Peoples does not challenge the total revenue allowed by the October 31 order, nor does Peoples suggest that the January 9 order changes that total amount. Rather, Peoples' argument is that the January 9 order, by shifting part of the revenue allocation to its industrial customers, precludes Peoples from receiving a portion of its allowable revenue.
Peoples bases this assertion on the claim that Peoples can only reasonably expect to earn a return of $12.466 million from its industrial customers, but that the Commission's orders would require Peoples to collect $13.6 million from that customer class in order to receive its allowed total revenue of $139.9 million.
Peoples' confiscation claim under this heading is based upon revenue predictions offered by its expert witness. Even though those predictions were uncontradicted, the Commission is not obligated to accept those predictions as fact, in the exercise of its administrative expertise in fashioning a rate structure. Cohen v. Pennsylvania Public Utility Commission, 78 Pa. Commonwealth Ct. 545, 468 A.2d 1143 (1983), aff'd, 507 Pa. 561, 493 A.2d 653 (1985). The Commission was entitled to apply its own experienced modification of those revenue
[ 122 Pa. Commw. Page 460]
predictions, a modification which is particularly plausible in view of the fact that even the Commission's rate structure determinations have resulted in industrial customers bearing a reduced percentage of the total burden, albeit a percentage reduction smaller than that which Peoples originally proposed for its industrial ratepayers. The Commission is entitled to weigh the evidence and reject the utility's market projections as insufficiently convincing. Cohen. As the Commission stated on this point in its March 19, 1987 order (p. 9):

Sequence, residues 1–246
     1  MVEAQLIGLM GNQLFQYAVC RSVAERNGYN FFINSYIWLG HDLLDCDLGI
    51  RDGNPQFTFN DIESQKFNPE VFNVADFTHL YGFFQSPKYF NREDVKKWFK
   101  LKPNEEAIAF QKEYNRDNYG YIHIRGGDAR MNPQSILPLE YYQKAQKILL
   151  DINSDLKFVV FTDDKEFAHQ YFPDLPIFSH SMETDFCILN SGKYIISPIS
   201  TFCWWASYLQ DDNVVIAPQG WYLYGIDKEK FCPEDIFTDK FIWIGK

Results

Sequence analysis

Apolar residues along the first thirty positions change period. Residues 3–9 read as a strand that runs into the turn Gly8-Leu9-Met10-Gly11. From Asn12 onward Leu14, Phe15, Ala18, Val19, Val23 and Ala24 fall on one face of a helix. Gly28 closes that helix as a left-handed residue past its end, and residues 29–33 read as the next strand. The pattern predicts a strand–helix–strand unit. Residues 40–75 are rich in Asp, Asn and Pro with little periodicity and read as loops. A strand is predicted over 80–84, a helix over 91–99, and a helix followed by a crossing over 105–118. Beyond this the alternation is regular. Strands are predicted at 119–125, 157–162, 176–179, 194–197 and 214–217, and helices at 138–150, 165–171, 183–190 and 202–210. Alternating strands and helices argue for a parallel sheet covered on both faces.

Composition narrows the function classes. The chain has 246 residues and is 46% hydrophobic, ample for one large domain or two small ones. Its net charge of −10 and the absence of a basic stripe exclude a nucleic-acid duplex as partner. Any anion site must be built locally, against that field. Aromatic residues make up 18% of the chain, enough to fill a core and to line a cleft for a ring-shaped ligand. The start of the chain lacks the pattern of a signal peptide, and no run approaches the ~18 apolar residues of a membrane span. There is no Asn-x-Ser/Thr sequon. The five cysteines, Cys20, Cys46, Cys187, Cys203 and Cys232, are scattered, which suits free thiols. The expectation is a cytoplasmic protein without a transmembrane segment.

The October 31, 1986 Opinion and Order authorized Peoples to establish rates designed to produce annual gas base rate operation revenues of $377,822,625, which includes a return allowance of $3,517,264. Peoples contends that it will undercollect at least $1.2 million if a stay is not granted. Simply stated, we fail to comprehend how a potential undercollection of $1.2 million, when compared with total allowable annual operating revenues granted and the $3.5 million return allowance granted could possibly amount to irreparable harm to the Company. The potential undercollection of $1.2 million represents a judgmental amount based upon testimony of Peoples' witness as to the amount of revenues the Company might be able to collect from the industrial customers.
[ 122 Pa. Commw. Page 461]
As stated above, the Commission has the role of expert for the purpose of establishing rates among different classes of utility customers, Park Towne v. Pennsylvania Public Utility Commission, 61 Pa. Commonwealth Ct. 285, 433 A.2d 610 (1981). Once the Commission performs the administrative task of establishing a rate structure, Philadelphia Electric Co. v. Pennsylvania Page 461} Public Utility Commission, 79 Pa. Commonwealth Ct. 445, 470 A.2d 654 (1984), its findings may not be disturbed if supported by substantial evidence, City of Pittsburgh v. Pennsylvania Public Utility Commission, 106 Pa. Commonwealth Ct. 437, 526 A.2d 1243 (1987). After examining the record, we find that there is substantial evidence to support the Commission's allocation of the approved rate increase among Peoples' classes of customers.
Order in 280 C.D. 1987
Now, January 5, 1989, the order of the Pennsylvania Public Utility Commission, entered January 9, 1987, is affirmed.
Order in 605 C.D. 1987
Now, January 5, 1989, the order of the Pennsylvania Public Utility Commission, entered March 19, 1987, is affirmed.
Order in 2305 C.D. 1987
Now, January 5, 1989, the Commission's application to quash at No. 2305 C.D. 1987 is denied, and the order of the Pennsylvania Public Utility Commission entered September 17, 1987 is affirmed.
Orders of Commission dated January 9, 1987 and March 19, 1987, affirmed. Order of Commission dated September 17, 1987, affirmed. Motion to quash denied.